Occupied Women: Gender, Military Occupation, and the American Civil War by LeeAnn Whites

Occupied Women: Gender, Military Occupation, and the American Civil War

byLeeAnn Whites, Alecia P. Long

Kobo ebook | June 15, 2009

Pricing and Purchase Info

$21.29 online 
$26.58 list price save 19%

Prices and offers may vary in store

Available for download

Not available in stores

about

In the spring of 1861, tens of thousands of young men formed military companies and offered to fight for their country. Near the end of the Civil War, nearly half of the adult male population of the North and a staggering 90 percent of eligible white males in the South had joined the military. With their husbands, sons, and fathers away, legions of women took on additional duties formerly handled by males, and many also faced the ordeal of having their homes occupied by enemy troops. With occupation, the home front and the battlefield merged to create an unanticipated second front where civilians-mainly women-resisted what they perceived as unjust domination. In Occupied Women, twelve distinguished historians consider how women's reactions to occupation affected both the strategies of military leaders and ultimately even the outcome of the Civil War.

Alecia P. Long, Lisa Tendrich Frank, E. Susan Barber, and Charles F. Ritter explore occupation as an incubator of military policies that reflected occupied women's activism. Margaret Creighton, Kristen L. Streater, LeeAnn Whites, and Cita Cook examine specific locations where citizens both enforced and evaded these military policies. Leslie A. Schwalm, Victoria E. Bynum, and Joan E. Cashin look at the occupation as part of complex and overlapping differences in race, class, and culture. An epilogue by Judith Giesberg emphasizes these themes. Some essays reinterpret legendary encounters between military men and occupied women, such as those prompted by General Butler's infamous "Woman Order" and Sherman's March to the Sea. Others explore new areas such as the development of military policy with regard to sexual justice. Throughout, the contributors examine the common experiences of occupied women and address the unique situations faced by women, whether Union, Confederate, or freed.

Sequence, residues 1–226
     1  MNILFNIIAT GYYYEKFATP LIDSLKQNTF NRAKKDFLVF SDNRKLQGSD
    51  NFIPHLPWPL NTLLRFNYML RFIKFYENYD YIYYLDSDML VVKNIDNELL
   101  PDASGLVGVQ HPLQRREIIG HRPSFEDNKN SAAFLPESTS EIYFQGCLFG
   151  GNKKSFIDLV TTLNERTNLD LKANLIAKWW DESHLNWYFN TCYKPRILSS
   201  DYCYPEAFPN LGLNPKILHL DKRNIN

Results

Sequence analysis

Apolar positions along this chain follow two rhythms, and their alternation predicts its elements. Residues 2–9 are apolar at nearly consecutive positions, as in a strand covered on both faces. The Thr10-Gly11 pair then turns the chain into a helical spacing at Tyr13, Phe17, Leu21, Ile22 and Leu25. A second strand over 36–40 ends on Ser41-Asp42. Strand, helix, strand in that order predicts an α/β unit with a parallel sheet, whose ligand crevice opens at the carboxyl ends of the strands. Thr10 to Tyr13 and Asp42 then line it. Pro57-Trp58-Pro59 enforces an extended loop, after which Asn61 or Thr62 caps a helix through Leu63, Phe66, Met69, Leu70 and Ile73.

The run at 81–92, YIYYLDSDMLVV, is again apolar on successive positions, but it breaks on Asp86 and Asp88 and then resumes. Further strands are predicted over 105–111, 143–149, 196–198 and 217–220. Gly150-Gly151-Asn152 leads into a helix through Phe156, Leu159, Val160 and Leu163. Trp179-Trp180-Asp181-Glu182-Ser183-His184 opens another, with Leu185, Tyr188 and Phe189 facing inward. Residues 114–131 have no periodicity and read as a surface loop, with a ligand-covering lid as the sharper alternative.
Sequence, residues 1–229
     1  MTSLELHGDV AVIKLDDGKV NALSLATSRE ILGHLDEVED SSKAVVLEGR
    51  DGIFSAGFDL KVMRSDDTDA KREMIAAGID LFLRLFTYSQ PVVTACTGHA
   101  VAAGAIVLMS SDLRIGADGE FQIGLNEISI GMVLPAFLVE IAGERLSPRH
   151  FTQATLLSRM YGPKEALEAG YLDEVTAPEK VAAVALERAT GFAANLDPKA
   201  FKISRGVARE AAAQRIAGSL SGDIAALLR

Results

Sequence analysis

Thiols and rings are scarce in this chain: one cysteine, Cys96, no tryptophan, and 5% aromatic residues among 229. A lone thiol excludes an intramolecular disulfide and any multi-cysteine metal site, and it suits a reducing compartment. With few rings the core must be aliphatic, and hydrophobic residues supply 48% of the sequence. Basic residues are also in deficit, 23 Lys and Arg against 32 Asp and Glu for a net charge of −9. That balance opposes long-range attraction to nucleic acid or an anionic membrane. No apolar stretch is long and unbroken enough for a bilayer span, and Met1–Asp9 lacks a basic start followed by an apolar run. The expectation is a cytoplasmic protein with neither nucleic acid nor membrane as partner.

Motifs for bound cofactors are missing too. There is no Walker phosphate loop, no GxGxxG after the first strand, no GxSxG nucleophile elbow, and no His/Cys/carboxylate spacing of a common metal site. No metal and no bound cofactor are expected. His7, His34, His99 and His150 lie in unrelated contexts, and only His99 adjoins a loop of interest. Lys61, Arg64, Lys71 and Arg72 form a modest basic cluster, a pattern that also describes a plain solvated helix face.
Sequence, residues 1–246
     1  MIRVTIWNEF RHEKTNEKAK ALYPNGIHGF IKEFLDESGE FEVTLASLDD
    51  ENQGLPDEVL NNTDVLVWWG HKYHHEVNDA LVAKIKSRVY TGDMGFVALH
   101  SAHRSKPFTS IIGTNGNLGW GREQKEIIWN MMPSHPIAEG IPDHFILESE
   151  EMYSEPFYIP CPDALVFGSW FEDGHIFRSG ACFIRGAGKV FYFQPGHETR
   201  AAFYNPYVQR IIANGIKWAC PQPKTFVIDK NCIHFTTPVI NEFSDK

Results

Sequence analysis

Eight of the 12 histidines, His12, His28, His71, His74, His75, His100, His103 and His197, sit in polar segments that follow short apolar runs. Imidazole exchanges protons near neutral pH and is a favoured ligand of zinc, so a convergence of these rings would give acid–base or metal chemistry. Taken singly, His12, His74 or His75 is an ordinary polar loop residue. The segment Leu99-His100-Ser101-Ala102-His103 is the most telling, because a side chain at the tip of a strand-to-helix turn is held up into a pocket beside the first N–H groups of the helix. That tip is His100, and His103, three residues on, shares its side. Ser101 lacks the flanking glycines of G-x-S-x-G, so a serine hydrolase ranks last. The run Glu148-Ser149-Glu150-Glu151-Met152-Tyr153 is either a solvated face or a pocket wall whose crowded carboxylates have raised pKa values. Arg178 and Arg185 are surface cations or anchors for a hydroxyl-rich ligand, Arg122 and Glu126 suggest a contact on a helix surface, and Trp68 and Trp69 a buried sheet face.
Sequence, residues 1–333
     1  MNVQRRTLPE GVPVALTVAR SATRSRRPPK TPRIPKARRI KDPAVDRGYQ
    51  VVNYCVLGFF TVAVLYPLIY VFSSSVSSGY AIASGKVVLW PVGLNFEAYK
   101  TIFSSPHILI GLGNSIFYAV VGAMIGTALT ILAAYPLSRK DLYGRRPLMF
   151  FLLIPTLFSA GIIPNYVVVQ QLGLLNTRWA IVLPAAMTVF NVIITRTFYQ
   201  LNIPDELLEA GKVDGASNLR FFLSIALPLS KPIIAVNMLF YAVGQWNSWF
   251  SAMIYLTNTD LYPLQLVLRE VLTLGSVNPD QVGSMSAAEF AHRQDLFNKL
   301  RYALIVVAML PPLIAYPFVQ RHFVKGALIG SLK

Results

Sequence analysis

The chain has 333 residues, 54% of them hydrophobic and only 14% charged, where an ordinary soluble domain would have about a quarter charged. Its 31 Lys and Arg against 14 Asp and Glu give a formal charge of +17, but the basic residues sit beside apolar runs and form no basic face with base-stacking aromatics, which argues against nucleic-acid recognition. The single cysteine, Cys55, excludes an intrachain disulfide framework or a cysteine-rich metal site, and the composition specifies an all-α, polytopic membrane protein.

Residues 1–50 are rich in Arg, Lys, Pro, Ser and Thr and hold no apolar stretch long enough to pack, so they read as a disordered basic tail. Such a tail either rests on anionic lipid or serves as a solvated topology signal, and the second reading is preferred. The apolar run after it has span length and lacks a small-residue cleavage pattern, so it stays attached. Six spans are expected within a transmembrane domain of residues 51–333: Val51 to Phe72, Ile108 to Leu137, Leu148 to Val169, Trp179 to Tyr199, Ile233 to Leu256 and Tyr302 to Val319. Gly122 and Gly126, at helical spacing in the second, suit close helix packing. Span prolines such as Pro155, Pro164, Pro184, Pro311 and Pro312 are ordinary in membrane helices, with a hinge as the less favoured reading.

Civil War historians have traditionally depicted Confederate women as rendered inert by occupying armies, but these essays demonstrate that women came together to form a strong, localized resistance to military invasion. Guerrilla activity, for example, occurred with the support and active participation of women on the home front. Women ran the domestic supply line of food, shelter, and information that proved critical to guerrilla tactics.

By broadening the discussion of the Civil War to include what LeeAnn Whites calls the "relational field of battle," this pioneering collection helps reconfigure the location of conflict and the chronology of the American Civil War.

Title:Occupied Women: Gender, Military Occupation, and the American Civil WarFormat:Kobo ebookPublished:June 15, 2009Publisher:LSU PressLanguage:English

The following ISBNs are associated with this title:

ISBN - 10:0807143952

ISBN - 13:9780807143957

Look for similar items by category:

Reviews